This photo was taken from the moving bus. If you look closely you can see Castle Doune next to the River Teith. The castle is notable for at least two things. One is that it was used in the classic film 'Monty Python and the Holy Grail'. By shooting at different angles and perspectives, the castle acted as the prop for several different castles in the film. Its other notable contribution stems from its position as the rallying point of fully-armed Scots when war was imminent. They received messages to go 'armed to the (River) Teith,' which is where we got that expression. It was the last castle before the Highlands. A third reason the castle is significant is that pistols used in our Revolutionary War were produced here.

 This mill is in the town of Callander, which is the gateway to the Highlands. It lies on the border between the Highlands and the lowlands. Historically people from the Highlands came down to Callender to trade with lowlanders. Highlanders spoke Gaelic and the lowlanders spoke Scot, so many people in the lowland town were bi-lingual to help facilitate trading transactions.

This is Hamish, a hairy coo (pronounced 'ku'). He lives in a corral at the weaving mill pictured above. Highlanders raised these tough cattle in the remotest areas of the Highlands and brought them to markets like Callander. The was the northernmost penetration by the Romans, who didn't stay long since they saw nothing of value and they encountered some wild and fierce Highlandes.

Hamish's girlfriend, Heather. The students were quite taken by her.

This glen, or valley, is Glencoe. In the winter of 1692 38 out of 150 members of MacDonald clan living in this glen were massacred--the remainder managed to escape slaughter--by order, many believe, of the new English King William III of Orange (Netherlands)  whose claim to the throne rested mainly on his marriage to Mary Stuart, daughter of the abdicated Catholic King James II. Many Highlanders regarded William a usurper of the crown that rightfully belonged to the heir of the Stuarts, King James II. William threatened to kill all Jacobites (supporters of James; 'Jacob' is Hebrew for 'James') if they didn't swear allegiance to him. Even though the MacDonalds did so, they were ordered killed even as they were giving English soldiers Highland hospitality. The leader of the English contingent was a Highlander of the Campbell clan, who had long supported the English. The MacDonalds and Campbells had already been blood enemies for almost two hundred years. To this day an inn in Glencoe may legally refuse service to a Campbell.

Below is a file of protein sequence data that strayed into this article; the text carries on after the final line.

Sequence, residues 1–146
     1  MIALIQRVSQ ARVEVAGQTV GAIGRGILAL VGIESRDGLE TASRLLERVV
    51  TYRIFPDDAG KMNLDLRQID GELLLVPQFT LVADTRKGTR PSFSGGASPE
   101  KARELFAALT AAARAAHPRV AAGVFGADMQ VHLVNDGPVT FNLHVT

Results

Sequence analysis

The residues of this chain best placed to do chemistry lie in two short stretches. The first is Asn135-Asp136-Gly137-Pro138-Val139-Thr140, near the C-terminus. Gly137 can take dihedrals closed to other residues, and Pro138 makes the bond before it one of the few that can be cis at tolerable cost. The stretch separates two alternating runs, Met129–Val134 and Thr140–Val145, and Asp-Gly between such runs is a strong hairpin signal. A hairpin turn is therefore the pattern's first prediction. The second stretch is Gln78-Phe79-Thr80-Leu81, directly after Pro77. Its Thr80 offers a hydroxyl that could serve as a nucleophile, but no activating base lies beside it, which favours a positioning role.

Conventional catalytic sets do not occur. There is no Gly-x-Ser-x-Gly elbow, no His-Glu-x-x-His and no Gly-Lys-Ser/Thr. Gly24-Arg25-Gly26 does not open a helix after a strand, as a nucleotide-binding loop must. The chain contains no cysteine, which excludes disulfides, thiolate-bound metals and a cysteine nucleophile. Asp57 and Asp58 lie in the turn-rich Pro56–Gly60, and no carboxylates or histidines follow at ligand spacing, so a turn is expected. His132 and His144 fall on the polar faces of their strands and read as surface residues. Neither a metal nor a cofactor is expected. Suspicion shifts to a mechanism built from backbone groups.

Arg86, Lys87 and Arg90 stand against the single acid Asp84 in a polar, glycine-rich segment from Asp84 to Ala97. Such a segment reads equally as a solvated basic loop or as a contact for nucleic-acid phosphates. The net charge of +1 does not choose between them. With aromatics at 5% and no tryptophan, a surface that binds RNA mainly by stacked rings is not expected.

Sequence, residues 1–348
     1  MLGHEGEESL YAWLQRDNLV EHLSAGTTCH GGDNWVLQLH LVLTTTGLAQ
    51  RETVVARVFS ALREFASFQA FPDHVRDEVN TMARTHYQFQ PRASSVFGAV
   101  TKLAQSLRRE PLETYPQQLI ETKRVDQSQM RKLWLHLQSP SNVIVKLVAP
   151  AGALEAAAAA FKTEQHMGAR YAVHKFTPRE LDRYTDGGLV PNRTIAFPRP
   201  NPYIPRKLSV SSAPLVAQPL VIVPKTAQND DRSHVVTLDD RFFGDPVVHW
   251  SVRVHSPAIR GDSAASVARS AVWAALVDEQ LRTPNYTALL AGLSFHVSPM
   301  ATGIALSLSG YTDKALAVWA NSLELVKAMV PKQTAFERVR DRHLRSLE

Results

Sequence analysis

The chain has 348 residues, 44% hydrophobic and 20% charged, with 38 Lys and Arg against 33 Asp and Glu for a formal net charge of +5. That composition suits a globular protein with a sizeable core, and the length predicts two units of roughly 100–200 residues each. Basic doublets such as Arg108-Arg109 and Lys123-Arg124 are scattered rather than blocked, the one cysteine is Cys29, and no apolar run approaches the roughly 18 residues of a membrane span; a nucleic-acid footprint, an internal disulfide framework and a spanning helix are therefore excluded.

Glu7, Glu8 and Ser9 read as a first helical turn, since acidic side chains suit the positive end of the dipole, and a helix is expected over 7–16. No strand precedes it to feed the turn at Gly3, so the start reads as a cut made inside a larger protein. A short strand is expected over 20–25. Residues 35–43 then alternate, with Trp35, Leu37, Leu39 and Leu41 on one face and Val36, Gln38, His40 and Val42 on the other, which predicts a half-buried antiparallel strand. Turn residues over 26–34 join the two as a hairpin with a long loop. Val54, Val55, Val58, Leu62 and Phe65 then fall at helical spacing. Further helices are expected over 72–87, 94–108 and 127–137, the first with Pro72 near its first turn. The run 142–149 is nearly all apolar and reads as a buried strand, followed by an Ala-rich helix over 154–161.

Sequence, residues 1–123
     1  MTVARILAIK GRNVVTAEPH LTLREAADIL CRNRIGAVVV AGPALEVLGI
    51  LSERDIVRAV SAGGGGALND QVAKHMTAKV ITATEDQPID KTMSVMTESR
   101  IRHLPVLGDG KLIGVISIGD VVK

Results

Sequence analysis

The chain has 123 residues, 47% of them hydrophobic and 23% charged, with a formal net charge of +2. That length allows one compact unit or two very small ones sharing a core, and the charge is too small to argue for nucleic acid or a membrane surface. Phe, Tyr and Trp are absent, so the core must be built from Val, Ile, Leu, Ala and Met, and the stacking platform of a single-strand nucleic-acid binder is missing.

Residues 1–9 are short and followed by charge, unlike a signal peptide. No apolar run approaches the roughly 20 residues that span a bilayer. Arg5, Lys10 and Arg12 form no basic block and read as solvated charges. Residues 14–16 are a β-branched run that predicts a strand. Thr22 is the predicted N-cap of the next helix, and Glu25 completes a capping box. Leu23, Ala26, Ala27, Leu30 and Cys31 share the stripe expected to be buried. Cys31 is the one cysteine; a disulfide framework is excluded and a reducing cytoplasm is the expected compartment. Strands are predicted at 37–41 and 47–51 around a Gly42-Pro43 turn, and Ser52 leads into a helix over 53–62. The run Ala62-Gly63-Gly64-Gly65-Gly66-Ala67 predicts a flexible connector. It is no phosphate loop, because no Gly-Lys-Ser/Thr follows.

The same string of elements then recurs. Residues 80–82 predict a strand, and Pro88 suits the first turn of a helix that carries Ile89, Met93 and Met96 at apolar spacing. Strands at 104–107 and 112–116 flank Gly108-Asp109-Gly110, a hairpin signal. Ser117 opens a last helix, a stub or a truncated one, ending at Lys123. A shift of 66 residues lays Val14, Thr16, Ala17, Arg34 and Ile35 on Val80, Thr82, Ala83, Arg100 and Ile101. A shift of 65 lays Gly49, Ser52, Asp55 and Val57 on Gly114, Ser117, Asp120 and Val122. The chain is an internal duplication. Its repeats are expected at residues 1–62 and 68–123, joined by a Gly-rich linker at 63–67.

More happily, today Glencoe is the site of several Harry Potter movies and other films needing Highland locations.

Mike the kiltic guide and Keith the bus driver pose behind Erika.

In the Highlands Gaelic is the primary language. We drove through Fort Williams, which is at the tip of the salt-water Lock Linnhe, which is a direct outlet to the Atlantic Ocean, and near Ben Nevis, at 4400 feet the highest mountain in Britain. The Caledonian Canal starts here and connects this finger of the Atlantic through four lochs to the North Sea beyond Inverness.

Students stoically participating in a description of Highland life at the Clansmen Centre in Fort Augustus. The guide told us how Highlanders lived in turf huts, using smelly and smoky peat for warmth and cooking, describing the stench and stink of daily life. He demonstrated how a kilt is worn and how various weapons were used to kill. The guide is holding a claymore broadsword. He seemed to enjoy in telling us the gory details of how to kill someone with the weapons.

Fort Augustus is at the southern tip of Loch Ness. St. Colomba wrote of seeing a monster in the loch in the 7th century. Mike seems pretty convinced there is something in the deep waters.

Castle Urquhart on the shores of Loch Ness.

We spent the night in Inverness.

Forgive the great space under the photo. I don't know how to prevent that.